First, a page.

The resident faculty left a coupon for natural fertilizer, sold by the ton, outside the mail room door. It had to be a clue. (More)

First our thanks to last week’s writers:

On Monday, the Squirrel sent a Memo to Men: “Get It” in Furthermore!, addisnana looked at The Stars in Midday Matinee, Lake Toba had a Conversation with Regions Bank in Evening Focus, and winterbanyan presented the Department of Interior’s Roadmap for Solar Energy Development in Our Earth.

On Tuesday, we looked at Nate Silver’s 2012 Outlook in Morning Feature, the Squirrel discussed The “Silent” Generation in Furthermore!, Lake Toba shared Stories of American Heartache in Evening Focus, and winterbanyan reported on Climate Change “Escape Routes” in Our Earth.

On Wednesday, we reviewed the Blue Resurgence in 2011 Elections? in Morning Feature, winterbanyan flummoxed us with So I Talked With My Mortgage Company in Furthermore!, addisnana sniffled I Hab a Code in Midday Matinee, and winterbanyan found evidence of Brains Wired for Cooperation in Our Earth.

On Thursday, we began our series on Compared to What? with Keystone XL and Greenhouse Gases in Morning Feature, addisnana noted that Cain Allegations Cause Flashbacks in Furthermore!, winterbanyan shared stories of Ordinary Heroes in Midday Matinee, Steve Benen of The Washington Monthly shared The Blame Game, Redux in Evening Focus, and winterbanyan revealed Cyclones Strengthened by Pollution in Our Earth.

On Friday, we continued our series on Compared to What? with Keystone XL and Jobs in Morning Feature, MKSinSA offered a Veterans’ Day Memoriam in Furthermore!, and winterbanyan asked What’s Causing Ice Loss in Antarctica in Our Earth.

On the weekend, we concluded our series on Compared to What? with Keystone XL and Spills in Saturday’s Morning Feature, Ms. Crissie was asked about De Guppy Bait in Sunday’s Morning Feature, Winning Progressive shared Weekend Reading in Furthermore!, and winterbanyan brought our weekly Eco News Roundup in Our Earth.

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Also: Please share your stories of offline activism in Things We Did This Week.

Thus we return to the coupon for natural fertilizer left by the resident faculty as they made their way from the wine cellar library where they spent the weekend drinking thinking on our motto of Magis vinum, magis verum (“More wine, more truth”) to the hot tub faculty lounge for their weekly game where the underwear goes flying planning conference. As the Official BPI Garden of Envy is on our Neararchistan satellite campus, and as the coupon lists only a price per ton, and as we have no need for even one ton of natural fertilizer at the main campus in South Blogistan, the staff concluded this must be a clue.

The Squirrel pulled out his Blewberry and typed in the website address on the coupon. He found this:

It wasn’t quite an advertisement for natural fertilizer, sold by the ton. It was, however, a song that seemed to allude to a kind of natural fertilizer that might be sold by the ton. As there was no other evidence that the resident faculty had completely lost their minds, we dismissed the possibility they planned to discuss vengeful Western gunfighters riding mopeds.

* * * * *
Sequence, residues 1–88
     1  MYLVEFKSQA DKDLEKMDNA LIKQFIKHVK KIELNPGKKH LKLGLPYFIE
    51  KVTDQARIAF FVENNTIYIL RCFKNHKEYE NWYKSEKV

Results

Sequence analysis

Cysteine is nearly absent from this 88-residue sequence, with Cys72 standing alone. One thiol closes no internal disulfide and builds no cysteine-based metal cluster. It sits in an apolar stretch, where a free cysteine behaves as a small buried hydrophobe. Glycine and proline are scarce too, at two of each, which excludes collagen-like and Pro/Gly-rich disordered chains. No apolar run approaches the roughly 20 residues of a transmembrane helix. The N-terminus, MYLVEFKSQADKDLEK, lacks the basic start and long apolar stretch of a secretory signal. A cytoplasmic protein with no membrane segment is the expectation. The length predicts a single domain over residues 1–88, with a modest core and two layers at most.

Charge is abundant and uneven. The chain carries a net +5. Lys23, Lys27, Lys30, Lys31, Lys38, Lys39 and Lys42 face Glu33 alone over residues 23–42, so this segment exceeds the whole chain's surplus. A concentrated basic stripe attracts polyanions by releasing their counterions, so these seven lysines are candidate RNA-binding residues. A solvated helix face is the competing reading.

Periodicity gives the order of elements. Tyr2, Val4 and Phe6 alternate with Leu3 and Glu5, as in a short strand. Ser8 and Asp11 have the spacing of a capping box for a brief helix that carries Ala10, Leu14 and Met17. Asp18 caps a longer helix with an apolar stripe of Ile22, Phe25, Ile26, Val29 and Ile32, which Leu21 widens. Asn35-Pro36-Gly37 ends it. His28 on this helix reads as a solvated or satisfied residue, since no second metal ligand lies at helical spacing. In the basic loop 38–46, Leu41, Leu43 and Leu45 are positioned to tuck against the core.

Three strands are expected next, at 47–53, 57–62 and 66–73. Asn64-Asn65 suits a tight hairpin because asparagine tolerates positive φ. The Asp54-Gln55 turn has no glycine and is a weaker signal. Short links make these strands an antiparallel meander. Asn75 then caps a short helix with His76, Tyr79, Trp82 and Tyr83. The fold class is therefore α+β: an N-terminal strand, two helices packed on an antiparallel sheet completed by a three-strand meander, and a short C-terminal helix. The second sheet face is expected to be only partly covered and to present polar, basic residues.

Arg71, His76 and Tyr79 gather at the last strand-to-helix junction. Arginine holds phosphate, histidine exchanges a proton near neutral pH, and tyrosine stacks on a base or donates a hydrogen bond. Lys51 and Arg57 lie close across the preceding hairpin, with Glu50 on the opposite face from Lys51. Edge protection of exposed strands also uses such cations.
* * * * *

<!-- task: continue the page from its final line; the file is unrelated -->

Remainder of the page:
Thus we began sniffing out the other possible meaning of “cow patty,” and the scent trail led to a book by moral philosopher Harry Frankfurt. As BPI is a family-friendly forum, we shall reference the title as On Fertilizer. From the publisher’s synopsis:

Frankfurt, one of the world’s most influential moral philosophers, attempts to build such a theory here. With his characteristic combination of philosophical acuity, psychological insight, and wry humor, Frankfurt proceeds by exploring how [fertilizer] and the related concept of humbug are distinct from lying. He argues that [fertilizer shovelers] misrepresent themselves to their audience not as liars do, that is, by deliberately making false claims about what is true. In fact, [fertilizer] need not be untrue at all.

Rather, [fertilizer shovelers] seek to convey a certain impression of themselves without being concerned about whether anything at all is true. They quietly change the rules governing their end of the conversation so that claims about truth and falsity are irrelevant. Frankfurt concludes that although [fertilizer] can take many innocent forms, excessive indulgence in it can eventually undermine the practitioner’s capacity to tell the truth in a way that lying does not. Liars at least acknowledge that it matters what is true. By virtue of this, Frankfurt writes, [fertilizer] is a greater enemy of the truth than lies are. [Emphasis added.]

As Frankfurt’s book addresses so much of our national political dialogue, we think that’s what the resident faculty will discuss this week. But if you hear the buzz of a moped coming into town, you’ll know we were wrong.

Either way, it’s BYOS: Bring Your Own Shovel.

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Happy Monday!